I have always said that budgets are more about people than they are about numbers. On Thursday, I presented a Preliminary Budget for the City's Fiscal Year 2006, which begins July 1st. It's a good budget for all New Yorkers. It reflects the priorities of our Administration: Increasing public safety and improving our quality of life; creating jobs; reforming our schools; and helping the vulnerable. In the State of the City I described our hard work to create a City of Opportunity for all New Yorkers. This budget will help us realize that vision.
The budget also reflects how the City is doing as a whole. Over the last few years, we've made some very difficult decisions. But because we were not afraid to make the tough choices, our City is doing well.
Crime is down to levels not seen since the 1960s. Our unemployment rate is down to pre-9/11 levels. Tourists are flocking back to New York in record numbers. Property values keep getting higher. We are reforming our schools so that every child has the opportunity to get a first-rate education.
Now is not the time to change course. The City is benefiting from a resurgent economy and more efficient government, but we must remain fiscally responsible or we will risk all we have gained. If we're reckless with the City budget, we will spend our way right back into a fiscal crisis. After all we have done, after all we have been
through, no one wants to see that happen.
We still have serious challenges ahead. Non-discretionary costs like pensions and Medicaid continue to increase; there's little the City can do about it. Also, we have included money in the budget to cover raises for municipal employees whose contracts still haven't been resolved, some of which are in binding arbitration. If we're compelled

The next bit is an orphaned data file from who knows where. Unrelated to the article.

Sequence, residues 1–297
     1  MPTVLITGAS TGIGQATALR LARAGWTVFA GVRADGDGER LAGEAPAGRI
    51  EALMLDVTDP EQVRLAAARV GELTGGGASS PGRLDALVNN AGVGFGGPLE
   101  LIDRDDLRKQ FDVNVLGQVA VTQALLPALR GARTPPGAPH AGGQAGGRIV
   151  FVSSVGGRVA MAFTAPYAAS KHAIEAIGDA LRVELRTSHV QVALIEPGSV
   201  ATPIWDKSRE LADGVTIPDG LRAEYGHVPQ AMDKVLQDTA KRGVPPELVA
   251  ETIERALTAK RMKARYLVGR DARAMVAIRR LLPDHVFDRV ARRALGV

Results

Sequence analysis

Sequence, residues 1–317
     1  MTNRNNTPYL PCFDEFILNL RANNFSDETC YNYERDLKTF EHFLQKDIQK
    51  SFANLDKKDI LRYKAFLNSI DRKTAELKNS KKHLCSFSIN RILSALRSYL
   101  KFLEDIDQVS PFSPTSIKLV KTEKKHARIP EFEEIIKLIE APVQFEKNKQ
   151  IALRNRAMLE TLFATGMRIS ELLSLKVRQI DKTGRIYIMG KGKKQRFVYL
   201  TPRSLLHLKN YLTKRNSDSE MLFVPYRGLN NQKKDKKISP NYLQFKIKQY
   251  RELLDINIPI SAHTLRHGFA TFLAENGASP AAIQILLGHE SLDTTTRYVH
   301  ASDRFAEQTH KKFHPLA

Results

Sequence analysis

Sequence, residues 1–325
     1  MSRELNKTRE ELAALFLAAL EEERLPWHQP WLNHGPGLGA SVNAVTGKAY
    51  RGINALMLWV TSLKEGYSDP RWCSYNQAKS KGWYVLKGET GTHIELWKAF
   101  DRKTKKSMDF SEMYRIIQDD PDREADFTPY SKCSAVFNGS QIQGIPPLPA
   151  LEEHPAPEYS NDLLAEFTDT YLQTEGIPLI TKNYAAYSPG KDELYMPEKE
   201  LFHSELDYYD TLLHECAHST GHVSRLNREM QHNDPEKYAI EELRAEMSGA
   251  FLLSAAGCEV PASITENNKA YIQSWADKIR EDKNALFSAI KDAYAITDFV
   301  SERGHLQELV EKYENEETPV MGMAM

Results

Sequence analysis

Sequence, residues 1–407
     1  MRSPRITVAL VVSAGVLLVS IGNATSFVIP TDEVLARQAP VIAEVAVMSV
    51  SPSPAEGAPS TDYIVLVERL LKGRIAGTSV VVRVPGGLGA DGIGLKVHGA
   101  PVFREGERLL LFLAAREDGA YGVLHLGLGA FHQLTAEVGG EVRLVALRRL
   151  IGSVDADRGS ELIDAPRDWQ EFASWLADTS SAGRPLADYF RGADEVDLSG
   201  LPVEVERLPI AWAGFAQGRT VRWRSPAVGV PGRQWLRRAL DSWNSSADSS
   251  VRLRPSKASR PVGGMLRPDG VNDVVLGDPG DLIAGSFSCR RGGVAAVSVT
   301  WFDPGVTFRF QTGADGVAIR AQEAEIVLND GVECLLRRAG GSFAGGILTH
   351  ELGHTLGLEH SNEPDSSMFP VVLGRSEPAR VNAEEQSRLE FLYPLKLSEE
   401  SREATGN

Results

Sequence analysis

to give them raises that exceed what most City employees have already received, it would be enormously detrimental.
The City's finances also are threatened by Albany's misguided response to the court order in the Campaign for Fiscal Equity lawsuit, which found that the State has been shortchanging our City's schoolchildren for years. City taxpayers, who send more than $11 billion a year to Albany than we get back, cannot afford to rectify that chronic under-funding and neglect of our schools.
But we're also making the investments now in all five boroughs that will keep our economy producing jobs and generating the revenues that pay for essential City services.
That's why the capital plan in the preliminary budget includes developing, for example, the Staten Island Homeport, Hunts Point in the Bronx, invigorating Jamaica and downtown Brooklyn, and transforming 125th Street in Harlem. Those and other projects the City is investing in are diversifying our economy and ensuring New York's future prosperity.
So overall, we have good reason to be optimistic. Our city is going in the right direction, and our future is bright.